Health, News

Canada Gives Aid, Vaccine, Supplies To Fight Disease In West Africa

Print Friendly, PDF & Email
An Ebola ward in Nigeria. Image: CDC Global
An Ebola ward in Nigeria. Image: CDC Global

Canada is sending 300,000 medical face masks to West Africa. The masks are to help healthcare workers there who are caring for people with a virus that was identified in Africa in March.

The virus, called Ebola, is not easy to catch, like a cold. That’s because it is only spread through direct contact with an infected person’s fluids, like blood. It’s important that doctors and nurses protect themselves when they are looking after the people who have the disease.

Most of the cases are in the countries of Liberia, Sierra Leone and Guinea in West Africa. Many of the areas affected don’t have enough ambulances, hospital beds or healthcare workers to take care of patients properly. Health organizations and other countries from around the world have stepped in to help care for the sick and prevent the virus from spreading further.

Canada is playing a major part in the global fight against the disease. In addition to the face masks, the Canadian government has also donated goggles and gloves to help protect healthcare workers.

Canada has also sent to mobile laboratories with teams of scientists to Sierra Leone. One lab is helping local healthcare workers to diagnose the disease quickly. The other lab will work with the international organization Médecins Sans Frontières (Doctors Without Borders) to make sure proper steps are taken to prevent the spread of the disease.

Canadian doctors and aid workers are also working with organizations like the Red Cross, Red Crescent and Unicef in West Africa.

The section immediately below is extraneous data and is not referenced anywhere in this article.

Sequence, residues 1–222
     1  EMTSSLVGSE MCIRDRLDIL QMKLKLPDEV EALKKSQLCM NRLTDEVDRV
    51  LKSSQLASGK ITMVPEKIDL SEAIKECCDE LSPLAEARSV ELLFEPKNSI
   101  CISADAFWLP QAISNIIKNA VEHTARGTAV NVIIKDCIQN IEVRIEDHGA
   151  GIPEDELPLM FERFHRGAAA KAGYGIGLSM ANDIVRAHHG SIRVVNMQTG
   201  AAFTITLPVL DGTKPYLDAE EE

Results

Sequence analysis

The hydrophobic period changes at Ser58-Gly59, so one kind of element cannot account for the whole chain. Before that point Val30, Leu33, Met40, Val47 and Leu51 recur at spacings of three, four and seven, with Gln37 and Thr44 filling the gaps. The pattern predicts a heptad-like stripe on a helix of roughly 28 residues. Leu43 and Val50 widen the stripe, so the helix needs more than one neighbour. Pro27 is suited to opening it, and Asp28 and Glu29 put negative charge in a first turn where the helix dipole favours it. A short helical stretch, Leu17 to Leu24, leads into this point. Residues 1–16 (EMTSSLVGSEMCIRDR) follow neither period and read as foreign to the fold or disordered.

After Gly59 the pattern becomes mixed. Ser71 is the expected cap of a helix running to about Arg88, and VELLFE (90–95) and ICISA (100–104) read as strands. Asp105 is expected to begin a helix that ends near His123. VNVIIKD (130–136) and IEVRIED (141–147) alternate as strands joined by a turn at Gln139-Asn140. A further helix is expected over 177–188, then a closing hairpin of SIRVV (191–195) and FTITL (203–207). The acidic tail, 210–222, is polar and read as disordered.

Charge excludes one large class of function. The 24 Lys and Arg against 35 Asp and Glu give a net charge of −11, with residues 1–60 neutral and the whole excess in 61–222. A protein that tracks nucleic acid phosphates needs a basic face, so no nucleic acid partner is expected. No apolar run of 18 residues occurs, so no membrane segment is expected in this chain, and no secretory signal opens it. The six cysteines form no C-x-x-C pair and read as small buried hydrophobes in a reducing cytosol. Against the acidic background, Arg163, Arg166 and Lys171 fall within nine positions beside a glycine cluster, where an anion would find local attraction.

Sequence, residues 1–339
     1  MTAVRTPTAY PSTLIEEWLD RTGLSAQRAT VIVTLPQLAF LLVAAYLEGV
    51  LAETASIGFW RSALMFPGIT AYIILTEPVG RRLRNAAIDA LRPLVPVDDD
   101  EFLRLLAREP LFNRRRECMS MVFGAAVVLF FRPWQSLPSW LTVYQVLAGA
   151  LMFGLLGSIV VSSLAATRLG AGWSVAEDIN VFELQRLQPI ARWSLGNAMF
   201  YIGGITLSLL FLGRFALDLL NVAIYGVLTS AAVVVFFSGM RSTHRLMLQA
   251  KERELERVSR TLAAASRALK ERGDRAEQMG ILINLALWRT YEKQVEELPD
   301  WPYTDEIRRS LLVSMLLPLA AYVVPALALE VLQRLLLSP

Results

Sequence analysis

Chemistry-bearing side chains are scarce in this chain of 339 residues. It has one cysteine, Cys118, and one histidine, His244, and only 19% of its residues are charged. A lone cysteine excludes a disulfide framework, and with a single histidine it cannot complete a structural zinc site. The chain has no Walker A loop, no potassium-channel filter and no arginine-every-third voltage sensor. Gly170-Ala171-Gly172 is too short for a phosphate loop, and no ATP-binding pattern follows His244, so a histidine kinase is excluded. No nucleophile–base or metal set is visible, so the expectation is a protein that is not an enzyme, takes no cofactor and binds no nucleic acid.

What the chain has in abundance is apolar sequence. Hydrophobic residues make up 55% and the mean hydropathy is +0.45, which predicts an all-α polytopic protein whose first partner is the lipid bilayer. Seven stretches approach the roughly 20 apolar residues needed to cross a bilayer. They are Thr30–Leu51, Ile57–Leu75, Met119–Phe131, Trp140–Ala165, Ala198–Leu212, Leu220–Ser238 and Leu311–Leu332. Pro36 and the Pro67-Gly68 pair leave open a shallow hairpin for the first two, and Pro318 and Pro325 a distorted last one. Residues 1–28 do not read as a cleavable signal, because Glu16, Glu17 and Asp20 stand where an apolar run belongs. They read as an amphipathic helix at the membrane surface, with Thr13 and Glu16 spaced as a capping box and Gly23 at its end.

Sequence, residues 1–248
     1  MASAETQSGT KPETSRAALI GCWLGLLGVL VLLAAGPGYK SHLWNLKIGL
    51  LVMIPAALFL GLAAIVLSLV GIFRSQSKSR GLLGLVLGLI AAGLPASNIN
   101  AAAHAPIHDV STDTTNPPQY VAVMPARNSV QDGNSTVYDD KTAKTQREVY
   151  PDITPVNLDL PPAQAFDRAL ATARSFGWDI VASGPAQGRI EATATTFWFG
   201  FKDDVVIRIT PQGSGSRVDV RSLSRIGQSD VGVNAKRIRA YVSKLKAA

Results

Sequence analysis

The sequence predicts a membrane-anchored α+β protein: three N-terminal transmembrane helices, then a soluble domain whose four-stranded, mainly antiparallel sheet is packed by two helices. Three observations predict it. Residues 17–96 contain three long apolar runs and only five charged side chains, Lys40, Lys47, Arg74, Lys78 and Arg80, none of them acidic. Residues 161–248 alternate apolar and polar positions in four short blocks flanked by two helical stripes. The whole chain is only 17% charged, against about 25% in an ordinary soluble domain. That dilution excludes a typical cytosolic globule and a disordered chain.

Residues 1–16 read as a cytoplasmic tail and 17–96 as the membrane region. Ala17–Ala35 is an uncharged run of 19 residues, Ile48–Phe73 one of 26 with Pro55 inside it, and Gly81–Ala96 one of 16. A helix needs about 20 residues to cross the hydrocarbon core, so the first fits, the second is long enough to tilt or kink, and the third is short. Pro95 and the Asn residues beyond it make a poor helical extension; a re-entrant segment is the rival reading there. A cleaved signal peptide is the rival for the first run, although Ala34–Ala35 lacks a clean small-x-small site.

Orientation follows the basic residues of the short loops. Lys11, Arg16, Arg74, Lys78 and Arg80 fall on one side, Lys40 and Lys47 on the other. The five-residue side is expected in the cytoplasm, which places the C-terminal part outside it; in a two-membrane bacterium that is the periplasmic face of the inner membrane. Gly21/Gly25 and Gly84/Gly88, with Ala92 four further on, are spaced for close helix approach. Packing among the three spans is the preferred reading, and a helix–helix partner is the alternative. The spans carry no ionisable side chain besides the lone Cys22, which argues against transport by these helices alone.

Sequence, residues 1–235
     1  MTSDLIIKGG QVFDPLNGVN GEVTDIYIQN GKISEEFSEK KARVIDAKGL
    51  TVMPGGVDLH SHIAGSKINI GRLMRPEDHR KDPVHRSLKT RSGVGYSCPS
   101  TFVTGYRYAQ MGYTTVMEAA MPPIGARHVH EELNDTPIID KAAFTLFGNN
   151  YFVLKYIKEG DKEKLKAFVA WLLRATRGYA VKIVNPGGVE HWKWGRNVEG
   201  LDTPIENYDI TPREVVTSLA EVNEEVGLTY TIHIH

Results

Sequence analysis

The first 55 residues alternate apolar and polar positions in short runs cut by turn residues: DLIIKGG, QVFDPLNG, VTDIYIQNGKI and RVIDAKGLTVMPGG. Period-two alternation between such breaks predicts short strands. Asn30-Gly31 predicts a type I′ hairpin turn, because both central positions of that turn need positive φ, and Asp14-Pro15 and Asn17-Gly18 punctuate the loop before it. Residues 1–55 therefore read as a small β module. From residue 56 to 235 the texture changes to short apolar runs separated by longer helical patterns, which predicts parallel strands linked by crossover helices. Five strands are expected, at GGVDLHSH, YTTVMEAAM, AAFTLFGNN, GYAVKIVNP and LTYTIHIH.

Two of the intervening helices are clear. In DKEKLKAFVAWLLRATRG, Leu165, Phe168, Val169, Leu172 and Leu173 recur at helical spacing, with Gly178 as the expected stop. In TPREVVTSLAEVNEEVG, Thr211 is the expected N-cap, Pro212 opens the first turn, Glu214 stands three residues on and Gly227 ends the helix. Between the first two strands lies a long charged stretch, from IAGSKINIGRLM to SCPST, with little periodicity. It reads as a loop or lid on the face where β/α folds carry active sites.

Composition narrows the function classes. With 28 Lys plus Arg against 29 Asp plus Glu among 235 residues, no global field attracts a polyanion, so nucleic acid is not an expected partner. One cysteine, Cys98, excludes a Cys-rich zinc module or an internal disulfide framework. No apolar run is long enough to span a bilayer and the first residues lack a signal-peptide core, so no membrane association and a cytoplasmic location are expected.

In September, Canada donated an experimental vaccine to the World Health Organization that may help prevent the spread of the disease.

The vaccine was developed by scientists from the Public Health Agency of Canada (PHAC) in Winnipeg. The drug will now be tested to make sure it is safe for people, and to figure out how much is needed to be effective against the virus.

Altogether, the Canadian government has contributed nearly $5.4 million in aid to relief organizations working in West Africa.

A spokesperson from PHAC says the risk of Ebola to Canadians is very low. There have been no cases of the disease in Canada.

This article was originally published October 14, 2014.

CURRICULUM CONNECTIONS
By Kathleen Tilly

Writing/Discussion Prompt
The global community has come together to send aid and support to West Africa to fight Ebola. Canada has been a key contributor in this fight.

How does your local community come together to support each other, those in need and important causes?

Reading Prompt: Text Patterns
Newspaper articles are written using a special format: an inverted (upside down) triangle. The most important information is written at the beginning of the article and the information that is less important is written later in the article. Articles are written like this so people can only read the beginning of the article and still know what it is about.

In your opinion, what are the most important pieces of information in this article? Are they written at the beginning of the article?

Junior
Identify a variety of organizational patterns in a range of texts and explain how they help readers understand the texts (OME, Reading: 2.2).

Intermediate
Analyse increasingly complex texts to identify organizational patterns used in them and explain how the patterns help communicate meaning (OME, Reading: 2.2).

Language Feature: Writing Numbers 
Africa is a very large continent. The numbers that are used to measure it are as follows:
1. Population: 1,111,000,000
2. Number of countries: 54
3. Earliest human to have lived in Africa: 200,000 years ago
4. Area: 30, 221, 532 km2

Write these numbers using words.